|Vehicle:||1961 Chrysler 300G Hard Top|
|Number Produced:||1,280 coupes|
|Original List Price:||$5,411|
|SCM Valuation:||Median to date, $71,000; high sale, $220,000|
|Tune Up Cost:||$250|
|Chassis Number Location:||Left front door hinge post|
|Engine Number Location:||Boss behind water pump|
|Club Info:||Chrysler 300 Club|
|Alternatives:||1961 Cadillac Coupe DeVille, 1961 Ford Thunderbird, 1961 Imperial Crown|
This car, Lot 409, sold for $77,000, including buyer’s premium, at Auctions America’s Fall Auburn sale in Auburn, IN, on September 3, 2016.
The Chrysler 300 was a gamble that Chrysler could ill afford to lose. Rivals Ford and Chevrolet were busy introducing sports cars to appeal to younger buyers, but after spending a huge amount of money revamping the 1955 line, Chrysler did not have the resources to follow suit and had to improvise.
The company answered its competition with a New Yorker sedan that offered a special handling package and racing motor. It was not exactly in the same sporting league as the Thunderbird or Corvette; however, it was the fastest, best-handling sedan on the market, powered by the 300-horsepower 331-ci Hemi Firepower V8.
This limited model was the 1955 Chrysler C-300, and it was only offered as the hard-top coupe and available only in red, white or black. A 2-speed PowerFlite automatic was the only transmission. Parts were off the shelf. The grille came from the Imperial and the rear quarter molding was Windsor. Wire wheels were an option only because there was a large supply left over from the Imperial.
From parts bin to performer
At the 1955 Daytona Speed Week competition, the C-300 made its bones, finishing 1st, 2nd and 3rd in the American Stock Car Flying Mile Class, and the buying public took notice.
The C-300 received a major boost from Carl Kiekhaefer of Mercury outboard motor fame. He felt stock car racing would further his company’s reputation as a leader in power and reliability. He started the Mercury Outboard Team with the C-300 and had a sophisticated testing facility of his own to help tune the car for victory. The C-300 won 37 races, making Kiekhaefer’s team the NASCAR and AAA stock car champion in 1955.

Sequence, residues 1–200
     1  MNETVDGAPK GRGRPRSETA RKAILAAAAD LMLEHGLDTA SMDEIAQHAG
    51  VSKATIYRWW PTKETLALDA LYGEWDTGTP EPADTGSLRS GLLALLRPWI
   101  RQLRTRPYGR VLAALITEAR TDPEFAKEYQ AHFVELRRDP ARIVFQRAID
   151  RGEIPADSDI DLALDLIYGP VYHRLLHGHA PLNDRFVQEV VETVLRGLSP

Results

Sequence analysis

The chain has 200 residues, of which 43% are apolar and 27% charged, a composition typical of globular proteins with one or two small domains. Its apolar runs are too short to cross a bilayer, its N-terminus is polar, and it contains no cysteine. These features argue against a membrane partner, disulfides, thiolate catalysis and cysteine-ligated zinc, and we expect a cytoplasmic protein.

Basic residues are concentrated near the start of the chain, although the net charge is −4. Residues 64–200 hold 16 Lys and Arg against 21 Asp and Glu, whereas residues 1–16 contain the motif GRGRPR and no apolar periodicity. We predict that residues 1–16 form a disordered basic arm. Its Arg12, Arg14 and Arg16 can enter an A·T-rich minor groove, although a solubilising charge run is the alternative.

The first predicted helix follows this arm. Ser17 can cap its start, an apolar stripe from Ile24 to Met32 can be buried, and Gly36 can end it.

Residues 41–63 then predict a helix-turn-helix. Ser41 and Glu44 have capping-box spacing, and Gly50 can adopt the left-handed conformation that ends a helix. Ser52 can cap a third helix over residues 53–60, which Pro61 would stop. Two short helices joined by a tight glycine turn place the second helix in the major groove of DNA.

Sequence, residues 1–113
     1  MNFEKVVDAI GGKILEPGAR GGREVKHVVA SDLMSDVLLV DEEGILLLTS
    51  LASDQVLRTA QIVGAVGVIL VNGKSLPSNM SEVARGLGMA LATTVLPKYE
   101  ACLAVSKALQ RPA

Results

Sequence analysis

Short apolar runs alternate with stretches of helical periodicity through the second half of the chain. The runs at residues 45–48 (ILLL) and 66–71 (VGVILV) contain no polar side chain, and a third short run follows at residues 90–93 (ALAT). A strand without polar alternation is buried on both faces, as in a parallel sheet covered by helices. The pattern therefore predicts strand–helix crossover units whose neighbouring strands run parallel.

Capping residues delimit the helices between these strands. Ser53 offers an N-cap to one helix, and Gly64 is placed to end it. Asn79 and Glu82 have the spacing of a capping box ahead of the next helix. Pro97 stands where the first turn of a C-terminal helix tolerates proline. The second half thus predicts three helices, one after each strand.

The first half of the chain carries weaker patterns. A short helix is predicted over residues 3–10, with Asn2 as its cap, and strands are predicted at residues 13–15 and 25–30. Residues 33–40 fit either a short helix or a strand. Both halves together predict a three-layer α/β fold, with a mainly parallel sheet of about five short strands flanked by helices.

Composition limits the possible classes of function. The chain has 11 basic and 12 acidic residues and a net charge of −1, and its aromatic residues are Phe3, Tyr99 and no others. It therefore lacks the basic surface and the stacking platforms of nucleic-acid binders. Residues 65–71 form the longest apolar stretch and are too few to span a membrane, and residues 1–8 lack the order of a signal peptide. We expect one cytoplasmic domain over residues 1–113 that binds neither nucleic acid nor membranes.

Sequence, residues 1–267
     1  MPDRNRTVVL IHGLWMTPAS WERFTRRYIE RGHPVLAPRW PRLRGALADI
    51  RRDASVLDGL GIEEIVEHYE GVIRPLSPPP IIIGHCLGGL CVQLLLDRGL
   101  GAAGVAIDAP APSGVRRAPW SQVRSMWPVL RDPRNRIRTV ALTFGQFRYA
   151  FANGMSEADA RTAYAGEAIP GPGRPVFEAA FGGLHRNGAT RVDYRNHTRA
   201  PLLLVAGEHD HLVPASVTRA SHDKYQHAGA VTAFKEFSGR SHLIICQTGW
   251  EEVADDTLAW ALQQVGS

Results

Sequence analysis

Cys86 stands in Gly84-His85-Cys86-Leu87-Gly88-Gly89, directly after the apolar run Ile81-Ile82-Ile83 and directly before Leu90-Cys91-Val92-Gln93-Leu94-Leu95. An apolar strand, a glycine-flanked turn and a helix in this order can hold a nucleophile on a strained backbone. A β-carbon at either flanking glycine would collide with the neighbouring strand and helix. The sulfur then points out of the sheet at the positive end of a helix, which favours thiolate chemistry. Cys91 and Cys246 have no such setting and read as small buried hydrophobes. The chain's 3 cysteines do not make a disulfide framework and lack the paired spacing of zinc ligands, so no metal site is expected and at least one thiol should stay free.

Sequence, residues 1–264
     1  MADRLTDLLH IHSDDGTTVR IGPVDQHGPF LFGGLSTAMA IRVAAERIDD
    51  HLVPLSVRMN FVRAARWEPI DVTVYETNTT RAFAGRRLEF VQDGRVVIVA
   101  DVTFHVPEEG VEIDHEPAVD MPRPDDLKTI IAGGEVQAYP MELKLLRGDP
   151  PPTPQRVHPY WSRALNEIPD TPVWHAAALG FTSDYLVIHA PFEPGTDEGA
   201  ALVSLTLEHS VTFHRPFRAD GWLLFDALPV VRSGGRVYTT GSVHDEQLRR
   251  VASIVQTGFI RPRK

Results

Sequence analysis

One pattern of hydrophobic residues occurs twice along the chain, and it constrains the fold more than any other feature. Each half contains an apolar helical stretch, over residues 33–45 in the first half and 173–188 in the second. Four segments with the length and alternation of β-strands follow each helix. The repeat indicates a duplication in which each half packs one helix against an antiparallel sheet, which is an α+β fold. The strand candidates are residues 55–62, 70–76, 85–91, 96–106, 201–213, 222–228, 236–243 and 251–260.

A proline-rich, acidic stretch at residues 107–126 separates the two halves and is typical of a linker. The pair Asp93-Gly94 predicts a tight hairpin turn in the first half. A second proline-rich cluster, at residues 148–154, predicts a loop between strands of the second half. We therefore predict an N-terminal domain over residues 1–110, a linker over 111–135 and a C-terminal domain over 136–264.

The banker’s hot rod
The 300 letter cars continued on, with Chrysler heavily promoting the fact that they were the most powerful production cars in America. But it all came to a screeching halt in 1958, when Chrysler accepted the AMA ban on factory involvement in motorsports. At that point, the Chrysler 300 evolved into a “banker’s hot-rod.”
In 1960, with the 300F, Chrysler dropped their famed Hemi, replacing it with a 413 Wedge. That engine was fitted with a cross-ram induction system, utilizing long 30-inch ram-air resonator tubes pulling the mixture to dual 4-barrel carburetors set nearly over each front wheel. Tom McCahill, the dean of automotive writers, called the 1960 Chrysler 300F “the hottest sedan ever built in the history of the world.”
The 1961 300G was more of the same, with refined styling and what Bob Rodger, Chief Engineer of Chrysler-Imperial, called the “quiet dignity and elegance of beauty.” The rear deck was restyled, replacing the controversial spare-tire outline with a simple badge. The luxurious leather interior was retained, the dual headlamps were canted and a new grille was introduced. Also carried over was the standard 375-horsepower engine, with a 400-hp option. Road tests indicated that while the 300G’s acceleration was indeed slightly slower than the F, it was still much faster than any other American sedan on the market at the time.
Last of the line
The 300G was also last of the true Chrysler letter cars. The 300 name was appropriated for use on Chrysler’s mid-priced series beginning in 1962, and many of the letter-car performance features were offered as options. But the letter car allure was gone, and the cars built using the 300 name after that point were basically just Chryslers.
The 1961 Chrysler 300G offered by Auctions America was finished in the correct shade of Alaskan White (code WW1) and was stated to have received a recent comprehensive restoration. It was fitted with the standard 413-ci engine and 3-speed TorqueFlite push-button automatic transmission. It was not presented with any of the exotic options such as a/c, the 400-hp engine or a floor-shifted 3-speed manual transmission.
Nonetheless, this was a quality example of what many feel is the most desirable of the true Chrysler letter cars. The ACC Pocket Price Guide places a median value of $74,800 for a 300G coupe, with a high-water mark of $220,000. Based on that data, I have to say the price paid here was market-correct, although I’d call it tilted slightly toward being well bought.
(Introductory description courtesy of Auctions America.)